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Central Dutch province of Utrecht celebrates 630th birthday

Entity evolved from endowment grant

Tags: Excerpts from the Windmill

UTRECHT, the Netherlands – The province of Utrecht, once the political realm of the central Dutch Roman Catholic diocese, recently celebrated its 630th birthday. To mark the founding day, all 33 municipalities in the province received a new provincial flag.

Named after is capital, the province was an endowment (leen) granted by the Holy Roman Emperor to the bishop of Utrecht. In 1375, the clergy, the nobility and the cities signed a contract with cash-starved Bishop Arnold van Hoorne in which they gained a say in civil matters such as levying taxes, frequently for the army and warfare. The May 17, 1375 treaty now is seen as the birth of the province. The (arch)diocese of Utrecht itself predates the province by about 670 years, and in earlier age included adjoining Veluwe and Overijssel. In medieval times Overijssel was known as Oversticht.

In world history, the province’s capital perhaps is best known for the 1712 Treaty of Utrecht, which ended the War of the Spanish Succession. The treaty negotiated in the city settled jurisdictional issues in Spain, France, Italy, Austria, England, the Netherlands and the colonies in North America where France ceded control of Nova Scotia, Newfoundland and the Hudson Bay Territory to the British who also took Gibraltar from Spain.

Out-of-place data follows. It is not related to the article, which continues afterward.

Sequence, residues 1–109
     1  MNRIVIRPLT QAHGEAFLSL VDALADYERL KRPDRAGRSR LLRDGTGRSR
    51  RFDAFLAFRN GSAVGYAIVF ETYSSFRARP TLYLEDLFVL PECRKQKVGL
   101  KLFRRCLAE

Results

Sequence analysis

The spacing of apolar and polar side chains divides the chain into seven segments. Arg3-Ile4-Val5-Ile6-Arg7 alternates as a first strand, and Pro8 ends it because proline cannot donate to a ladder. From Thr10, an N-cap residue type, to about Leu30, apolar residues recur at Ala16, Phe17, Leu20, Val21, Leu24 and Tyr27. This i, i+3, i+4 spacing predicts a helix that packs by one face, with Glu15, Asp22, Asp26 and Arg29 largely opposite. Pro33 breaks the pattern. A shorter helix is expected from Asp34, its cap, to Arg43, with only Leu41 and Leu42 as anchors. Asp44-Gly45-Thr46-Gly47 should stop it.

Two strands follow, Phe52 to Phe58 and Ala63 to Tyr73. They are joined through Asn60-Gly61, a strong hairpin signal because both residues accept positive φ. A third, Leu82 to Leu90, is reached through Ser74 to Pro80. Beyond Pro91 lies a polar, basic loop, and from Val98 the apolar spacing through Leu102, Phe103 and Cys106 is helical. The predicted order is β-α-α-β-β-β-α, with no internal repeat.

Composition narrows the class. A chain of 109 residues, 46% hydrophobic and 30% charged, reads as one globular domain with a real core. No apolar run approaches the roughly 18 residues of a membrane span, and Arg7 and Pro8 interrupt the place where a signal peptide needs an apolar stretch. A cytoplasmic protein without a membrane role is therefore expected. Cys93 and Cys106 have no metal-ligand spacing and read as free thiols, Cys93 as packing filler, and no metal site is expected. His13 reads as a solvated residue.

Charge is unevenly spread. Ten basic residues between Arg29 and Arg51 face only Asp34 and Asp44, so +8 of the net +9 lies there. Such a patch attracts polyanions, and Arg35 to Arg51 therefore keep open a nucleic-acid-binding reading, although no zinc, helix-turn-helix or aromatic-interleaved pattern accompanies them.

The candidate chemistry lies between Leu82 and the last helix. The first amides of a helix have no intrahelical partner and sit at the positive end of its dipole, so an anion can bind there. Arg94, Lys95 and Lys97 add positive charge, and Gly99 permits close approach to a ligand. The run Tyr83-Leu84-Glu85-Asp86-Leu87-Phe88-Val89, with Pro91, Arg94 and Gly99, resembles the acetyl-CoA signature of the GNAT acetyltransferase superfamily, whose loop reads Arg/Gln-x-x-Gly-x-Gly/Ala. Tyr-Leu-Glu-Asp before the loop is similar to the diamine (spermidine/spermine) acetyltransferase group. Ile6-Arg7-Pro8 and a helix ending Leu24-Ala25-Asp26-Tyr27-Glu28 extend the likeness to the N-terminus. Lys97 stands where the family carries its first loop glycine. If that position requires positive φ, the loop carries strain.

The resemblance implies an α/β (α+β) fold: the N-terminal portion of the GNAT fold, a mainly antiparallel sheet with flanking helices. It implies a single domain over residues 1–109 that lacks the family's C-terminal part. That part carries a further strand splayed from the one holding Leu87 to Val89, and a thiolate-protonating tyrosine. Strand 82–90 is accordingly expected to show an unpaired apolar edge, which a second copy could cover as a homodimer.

The enthusiasm for flag raising was rather muted in several Utrecht municipalities. Members of the Provincial Estates fanned out across the province to help with local ceremonies, the first such annual event. They received scant attention however. Not all local governments are happy with ’Utrecht.’ The province remains at loggerheads with some municipalities over its policy to amalgamate them into stronger units, to meet the challenges of downloading administrative services by senior government levels.